• That’s a good point. I wonder if that does have something to do with it. I always wondered how those Red Pill people could get away with their violent and dangerous ideas (besides the fact that the majority of their “movement” is online) without getting called out by the media.

        The articles I’ve read about them seem to portray them mainly as silly, harmless, or having some good points that they get carried away with. It’s quite disturbing to me that they are viewed in this light when one of the Red Pill activists came out from behind the computer screen and went on a shooting rampage. Not so harmless, in my opinion.

        And on the other side, there are thousands of articles discussing if we really need feminism anymore, questioning whether feminism “hurts” men, and whether feminism is dangerous. When some women say they are feminists, some people are outraged, saying, “Oh my Gawd, she’s a feminist radical! An evil man hater!” When in reality, she just would like to go to college and not see her rapist return to her campus.

        It’s interesting to see the two situations and how crazy it really is. I never thought of it before.

    • Feminists do not call for female superiority. Feminism is about ending ALL forms of oppression. It is about the struggle for true equality.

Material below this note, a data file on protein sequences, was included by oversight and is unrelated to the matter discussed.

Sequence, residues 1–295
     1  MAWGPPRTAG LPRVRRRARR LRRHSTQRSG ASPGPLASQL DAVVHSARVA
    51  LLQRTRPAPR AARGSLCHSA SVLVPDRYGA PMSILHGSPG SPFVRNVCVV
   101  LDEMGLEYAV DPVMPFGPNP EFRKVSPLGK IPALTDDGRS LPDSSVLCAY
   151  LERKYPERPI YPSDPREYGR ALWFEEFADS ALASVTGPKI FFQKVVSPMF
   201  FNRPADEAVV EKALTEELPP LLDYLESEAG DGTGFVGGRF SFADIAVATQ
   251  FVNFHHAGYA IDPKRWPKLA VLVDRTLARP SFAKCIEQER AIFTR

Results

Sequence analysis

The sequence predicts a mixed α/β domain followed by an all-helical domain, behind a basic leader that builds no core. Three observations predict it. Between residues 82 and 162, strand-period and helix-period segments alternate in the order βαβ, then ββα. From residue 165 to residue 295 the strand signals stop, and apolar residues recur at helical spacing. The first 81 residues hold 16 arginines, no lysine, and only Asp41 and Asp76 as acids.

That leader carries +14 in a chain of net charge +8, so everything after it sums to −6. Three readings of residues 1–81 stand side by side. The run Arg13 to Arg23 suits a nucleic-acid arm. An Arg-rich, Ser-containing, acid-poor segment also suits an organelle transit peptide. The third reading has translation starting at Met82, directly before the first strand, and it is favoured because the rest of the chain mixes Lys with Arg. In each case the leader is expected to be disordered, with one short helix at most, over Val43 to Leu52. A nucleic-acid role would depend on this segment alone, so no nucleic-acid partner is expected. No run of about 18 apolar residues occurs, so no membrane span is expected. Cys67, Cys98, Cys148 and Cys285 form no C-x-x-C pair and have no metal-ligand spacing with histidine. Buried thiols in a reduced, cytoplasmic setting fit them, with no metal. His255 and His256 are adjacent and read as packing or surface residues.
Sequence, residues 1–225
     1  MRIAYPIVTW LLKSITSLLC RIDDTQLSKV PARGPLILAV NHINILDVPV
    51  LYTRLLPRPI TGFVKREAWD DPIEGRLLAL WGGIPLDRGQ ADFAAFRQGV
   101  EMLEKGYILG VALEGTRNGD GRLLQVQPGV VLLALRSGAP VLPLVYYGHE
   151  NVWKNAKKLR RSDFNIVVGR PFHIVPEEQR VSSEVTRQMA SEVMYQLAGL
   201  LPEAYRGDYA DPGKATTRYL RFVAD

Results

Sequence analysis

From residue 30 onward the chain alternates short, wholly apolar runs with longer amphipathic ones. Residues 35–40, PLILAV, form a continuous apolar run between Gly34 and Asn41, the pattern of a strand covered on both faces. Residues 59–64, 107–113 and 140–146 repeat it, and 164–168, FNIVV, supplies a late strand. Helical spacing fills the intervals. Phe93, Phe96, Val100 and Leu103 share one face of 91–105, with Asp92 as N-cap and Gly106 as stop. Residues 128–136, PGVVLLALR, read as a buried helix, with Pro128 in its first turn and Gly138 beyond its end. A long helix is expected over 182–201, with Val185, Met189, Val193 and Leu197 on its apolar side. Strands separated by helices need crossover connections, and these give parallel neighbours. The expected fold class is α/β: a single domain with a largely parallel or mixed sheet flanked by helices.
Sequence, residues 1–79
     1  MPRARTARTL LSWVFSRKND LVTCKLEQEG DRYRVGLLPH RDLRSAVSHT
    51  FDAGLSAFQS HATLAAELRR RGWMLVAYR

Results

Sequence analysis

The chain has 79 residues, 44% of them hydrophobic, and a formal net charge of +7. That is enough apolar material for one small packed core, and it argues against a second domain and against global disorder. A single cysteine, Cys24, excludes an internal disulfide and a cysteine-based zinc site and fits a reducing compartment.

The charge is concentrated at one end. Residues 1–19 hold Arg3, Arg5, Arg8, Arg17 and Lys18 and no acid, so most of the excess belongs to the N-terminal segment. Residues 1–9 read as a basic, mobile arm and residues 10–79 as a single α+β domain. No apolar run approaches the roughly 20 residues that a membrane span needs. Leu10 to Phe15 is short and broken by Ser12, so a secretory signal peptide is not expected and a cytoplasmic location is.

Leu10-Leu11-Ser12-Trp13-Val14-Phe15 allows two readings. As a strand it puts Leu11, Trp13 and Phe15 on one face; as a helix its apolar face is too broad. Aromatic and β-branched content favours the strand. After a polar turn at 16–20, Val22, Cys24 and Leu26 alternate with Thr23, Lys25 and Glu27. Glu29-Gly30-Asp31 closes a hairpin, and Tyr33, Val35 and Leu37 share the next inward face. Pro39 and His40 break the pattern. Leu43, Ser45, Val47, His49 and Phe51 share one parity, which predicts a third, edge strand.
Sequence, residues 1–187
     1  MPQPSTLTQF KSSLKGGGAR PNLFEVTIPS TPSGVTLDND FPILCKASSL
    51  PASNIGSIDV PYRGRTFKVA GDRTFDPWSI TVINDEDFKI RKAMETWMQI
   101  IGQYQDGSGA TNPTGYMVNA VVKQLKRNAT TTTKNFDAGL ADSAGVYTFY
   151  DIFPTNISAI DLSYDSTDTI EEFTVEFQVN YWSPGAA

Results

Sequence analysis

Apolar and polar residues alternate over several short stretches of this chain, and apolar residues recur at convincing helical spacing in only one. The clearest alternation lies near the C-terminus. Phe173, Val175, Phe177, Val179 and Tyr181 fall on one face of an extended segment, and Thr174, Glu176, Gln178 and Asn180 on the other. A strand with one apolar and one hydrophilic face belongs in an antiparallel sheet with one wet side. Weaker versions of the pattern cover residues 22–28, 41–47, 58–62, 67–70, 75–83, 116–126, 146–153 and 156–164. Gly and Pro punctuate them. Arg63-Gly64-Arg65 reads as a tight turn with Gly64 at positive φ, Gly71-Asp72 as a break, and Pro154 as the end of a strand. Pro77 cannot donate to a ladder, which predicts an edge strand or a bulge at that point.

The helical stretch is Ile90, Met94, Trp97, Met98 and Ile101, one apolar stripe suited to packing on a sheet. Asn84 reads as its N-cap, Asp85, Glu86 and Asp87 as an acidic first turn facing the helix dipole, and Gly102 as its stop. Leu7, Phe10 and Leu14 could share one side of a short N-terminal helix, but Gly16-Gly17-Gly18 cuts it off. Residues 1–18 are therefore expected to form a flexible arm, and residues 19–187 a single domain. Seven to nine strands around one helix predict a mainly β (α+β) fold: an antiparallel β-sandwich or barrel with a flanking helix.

2. I’m not sure why it is these days that the definition of feminism has been misconstrued as anti-men or man-hating. The fact that some young women today are turning their backs on it like it’s no longer needed is quite disturbing. They benefit from the very movement they’re shunning.

    Great post!

    • I completely agree! I think it’s because there are different feminism ideologies, and so sometimes people get them confused with the more radical kinds (which aren’t followed by many feminists anyway). I agree that it’s disturbing that some people think we don’t need feminism anymore.

  3. I’m not the best feminist in the world–I’m loud, boorish, and fond of pretty girls in bikinis, but the thing is: being a feminist isn’t a big deal. It’s just a matter of not being an asshole to slightly more than half the population of the world, or better still not being an asshole at all. I can only manage the former, but I strive to be an equal opportunity asshole, spreading my gloom and bile without regard to blah, blah, blah all those words that pretty much mean “everybody.” Besides, I want to win. LIke Charlie Sheen. Okay, not like Charlie Sheen, but I do want to win, and who the hell thinks they can win with half their team shackled to the starting line? Not me.

    • Haha, well that’s good you want to be an equal opportunity asshole! And you’ve got a point about how you can’t win with half the team unable to move from the starting line. Well said!

  4. This is one of my favourite blog posts ever. You’ve summed it all up perfectly, I’m not quite sure why the word feminism has been changed and used to present “anti-men” and female superiority but, this post clearly explains the REAL definition of feminism – equality!

  5. Agreed! This is extensive, I’m glad you wrote this. I wrote a similar post to capture the serious issues that women fight for when we ask for gender equality.